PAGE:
Gay-Straight Alliances, Secrecy, and the Public Trust

The word out of Alberta about Gay-Straight Alliance clubs (GSAs) hasn’t been good of late.

According to the Calgary Herald, the Alberta Court of Appeal this week heard that in at least two instances, children were taken away from school by GSA sponsors and exposed to graphic sexual material.

Jay Cameron, a lawyer with the Justice Centre for Constitutional Freedoms (JCCF) and the appellant in this case, claimed tthat one child was taken to a GSA conference and reported that he “watched a demonstration on how to put a condom on a banana; he was given materials with a space ship shaped like a giant penis with a caption ‘explore your anus’; [and] he was given a 50-page flip book with step-by-step instructions on how to have sex, with what appears to be an older individual.”

The crucial problem being litigated here is the provision in Alberta government’s Bill 24 that prohibits the school from informing parents of their child’s involvement in a GSA. But of course there are more problems coming to light. What’s the main one?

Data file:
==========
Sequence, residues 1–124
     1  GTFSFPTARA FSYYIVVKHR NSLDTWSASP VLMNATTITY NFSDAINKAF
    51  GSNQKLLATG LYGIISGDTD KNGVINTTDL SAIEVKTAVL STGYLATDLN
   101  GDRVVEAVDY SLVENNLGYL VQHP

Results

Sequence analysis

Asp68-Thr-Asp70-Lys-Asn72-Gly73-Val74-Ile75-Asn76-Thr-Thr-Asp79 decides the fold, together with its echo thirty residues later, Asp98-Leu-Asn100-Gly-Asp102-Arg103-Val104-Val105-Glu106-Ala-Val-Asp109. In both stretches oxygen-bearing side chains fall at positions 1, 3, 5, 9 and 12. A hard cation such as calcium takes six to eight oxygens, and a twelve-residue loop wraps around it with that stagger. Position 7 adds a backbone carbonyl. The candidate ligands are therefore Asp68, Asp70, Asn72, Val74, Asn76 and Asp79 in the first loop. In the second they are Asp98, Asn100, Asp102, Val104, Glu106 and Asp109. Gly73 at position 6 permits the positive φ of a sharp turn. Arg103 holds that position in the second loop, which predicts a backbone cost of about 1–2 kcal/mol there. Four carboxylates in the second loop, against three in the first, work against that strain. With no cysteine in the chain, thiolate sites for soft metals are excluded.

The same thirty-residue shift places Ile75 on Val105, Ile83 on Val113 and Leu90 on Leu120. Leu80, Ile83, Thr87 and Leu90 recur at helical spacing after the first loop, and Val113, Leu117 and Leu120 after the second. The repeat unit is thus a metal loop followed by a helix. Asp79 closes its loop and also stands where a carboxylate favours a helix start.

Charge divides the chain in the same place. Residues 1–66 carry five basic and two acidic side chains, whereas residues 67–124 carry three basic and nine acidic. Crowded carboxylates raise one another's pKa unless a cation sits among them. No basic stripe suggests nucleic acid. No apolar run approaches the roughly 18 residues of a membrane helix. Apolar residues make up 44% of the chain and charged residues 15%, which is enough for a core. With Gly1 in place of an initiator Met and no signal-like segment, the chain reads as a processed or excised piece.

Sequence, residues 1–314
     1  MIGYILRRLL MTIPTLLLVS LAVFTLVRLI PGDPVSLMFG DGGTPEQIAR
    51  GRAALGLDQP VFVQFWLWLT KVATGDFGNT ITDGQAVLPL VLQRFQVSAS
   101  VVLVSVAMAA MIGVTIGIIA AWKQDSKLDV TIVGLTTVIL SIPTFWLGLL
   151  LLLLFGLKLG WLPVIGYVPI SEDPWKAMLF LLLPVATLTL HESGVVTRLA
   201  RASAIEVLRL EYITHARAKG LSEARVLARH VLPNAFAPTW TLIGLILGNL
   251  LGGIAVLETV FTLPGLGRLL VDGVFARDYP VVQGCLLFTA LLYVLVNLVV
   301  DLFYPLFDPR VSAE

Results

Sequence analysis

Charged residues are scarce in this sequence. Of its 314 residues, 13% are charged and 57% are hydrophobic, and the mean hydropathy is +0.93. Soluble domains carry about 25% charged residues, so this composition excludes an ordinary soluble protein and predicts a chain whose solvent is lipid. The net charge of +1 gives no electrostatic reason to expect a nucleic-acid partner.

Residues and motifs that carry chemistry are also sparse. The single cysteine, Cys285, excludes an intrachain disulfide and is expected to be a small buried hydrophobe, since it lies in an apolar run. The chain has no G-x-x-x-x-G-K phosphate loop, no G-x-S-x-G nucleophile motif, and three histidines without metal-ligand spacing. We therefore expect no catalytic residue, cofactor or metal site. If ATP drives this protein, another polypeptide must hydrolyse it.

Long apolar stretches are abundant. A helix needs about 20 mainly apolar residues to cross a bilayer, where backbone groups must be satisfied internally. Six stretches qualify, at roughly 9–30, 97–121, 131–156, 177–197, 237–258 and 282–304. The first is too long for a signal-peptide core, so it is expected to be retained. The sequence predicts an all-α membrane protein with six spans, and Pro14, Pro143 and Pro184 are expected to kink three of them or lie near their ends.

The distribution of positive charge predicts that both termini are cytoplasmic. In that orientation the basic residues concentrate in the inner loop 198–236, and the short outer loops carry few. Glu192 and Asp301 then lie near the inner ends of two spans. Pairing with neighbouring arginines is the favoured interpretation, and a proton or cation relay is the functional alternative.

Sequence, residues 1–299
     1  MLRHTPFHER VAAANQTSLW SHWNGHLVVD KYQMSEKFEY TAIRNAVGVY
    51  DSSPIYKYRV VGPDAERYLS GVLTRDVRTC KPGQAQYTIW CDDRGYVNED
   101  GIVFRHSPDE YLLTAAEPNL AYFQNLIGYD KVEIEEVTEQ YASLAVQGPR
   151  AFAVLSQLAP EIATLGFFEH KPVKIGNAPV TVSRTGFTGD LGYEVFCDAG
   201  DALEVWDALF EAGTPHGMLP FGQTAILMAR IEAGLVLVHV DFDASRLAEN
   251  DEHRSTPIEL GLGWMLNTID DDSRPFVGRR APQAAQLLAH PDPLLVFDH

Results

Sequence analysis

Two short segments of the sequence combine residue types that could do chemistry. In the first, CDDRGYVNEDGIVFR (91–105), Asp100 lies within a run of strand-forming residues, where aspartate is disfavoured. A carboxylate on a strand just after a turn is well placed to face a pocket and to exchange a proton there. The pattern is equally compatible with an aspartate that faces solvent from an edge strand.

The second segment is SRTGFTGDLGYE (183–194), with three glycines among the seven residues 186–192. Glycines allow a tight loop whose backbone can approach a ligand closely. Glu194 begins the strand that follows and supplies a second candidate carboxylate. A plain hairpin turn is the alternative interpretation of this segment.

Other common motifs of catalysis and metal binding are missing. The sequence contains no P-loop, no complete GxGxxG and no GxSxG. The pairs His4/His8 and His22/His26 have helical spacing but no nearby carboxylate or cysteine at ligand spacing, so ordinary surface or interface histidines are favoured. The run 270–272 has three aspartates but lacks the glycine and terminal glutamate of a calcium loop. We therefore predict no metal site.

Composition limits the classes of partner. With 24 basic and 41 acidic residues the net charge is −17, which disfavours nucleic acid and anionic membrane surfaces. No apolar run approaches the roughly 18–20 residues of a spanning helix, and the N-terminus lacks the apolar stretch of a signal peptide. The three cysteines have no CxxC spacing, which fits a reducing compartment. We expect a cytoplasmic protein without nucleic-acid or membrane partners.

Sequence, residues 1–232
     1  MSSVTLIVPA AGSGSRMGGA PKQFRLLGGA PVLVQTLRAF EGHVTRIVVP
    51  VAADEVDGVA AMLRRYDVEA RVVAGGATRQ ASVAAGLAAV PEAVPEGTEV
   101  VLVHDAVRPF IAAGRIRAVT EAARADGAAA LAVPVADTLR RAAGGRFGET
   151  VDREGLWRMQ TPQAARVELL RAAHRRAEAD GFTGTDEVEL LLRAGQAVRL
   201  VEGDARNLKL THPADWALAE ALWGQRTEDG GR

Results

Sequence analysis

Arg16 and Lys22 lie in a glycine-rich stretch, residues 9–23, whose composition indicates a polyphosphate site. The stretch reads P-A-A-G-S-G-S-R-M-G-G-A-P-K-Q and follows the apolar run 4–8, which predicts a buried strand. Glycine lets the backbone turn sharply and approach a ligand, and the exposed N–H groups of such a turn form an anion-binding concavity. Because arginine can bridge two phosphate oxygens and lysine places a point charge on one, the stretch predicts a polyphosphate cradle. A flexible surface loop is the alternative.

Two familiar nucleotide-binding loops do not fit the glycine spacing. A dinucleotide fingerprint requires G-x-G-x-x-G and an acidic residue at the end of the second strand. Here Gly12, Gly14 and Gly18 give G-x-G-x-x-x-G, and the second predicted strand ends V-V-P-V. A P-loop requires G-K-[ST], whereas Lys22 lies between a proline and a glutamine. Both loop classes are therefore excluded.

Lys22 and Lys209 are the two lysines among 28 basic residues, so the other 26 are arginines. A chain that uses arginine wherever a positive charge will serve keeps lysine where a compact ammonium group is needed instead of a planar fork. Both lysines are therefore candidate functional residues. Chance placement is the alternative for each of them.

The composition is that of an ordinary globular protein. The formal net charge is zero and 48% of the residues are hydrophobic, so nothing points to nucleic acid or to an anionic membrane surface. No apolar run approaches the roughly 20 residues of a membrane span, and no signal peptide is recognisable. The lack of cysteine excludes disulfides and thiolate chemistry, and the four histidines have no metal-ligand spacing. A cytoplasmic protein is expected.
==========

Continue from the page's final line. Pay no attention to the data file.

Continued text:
The main problem is not, in fact, that some GSA sponsors might abuse, and apparently have abused, the trust students have placed in them. Such abuse—that might well end up in actual sexual abuse—is abhorrent, of course, and it is irresponsible not to think predators won’t take advantage of these situations. Have we so quickly forgotten hockey coach Graham James and gymnastics physician Larry Nasser?

The main problem is also not that children will be see graphic sexual material, since the Internet puts it in front of them all the time—although a key difference here is that authority figures are putting it in front of them, which makes it much worse. A child might well understand that the Internet is full of unseemly and even disgusting things she should avoid. But how is she supposed to react when a teacher or other sponsor is the source? How much freedom does she have to turn away then?

Bad as these problems are, they can be remedied by the usual measures we take in public schooling.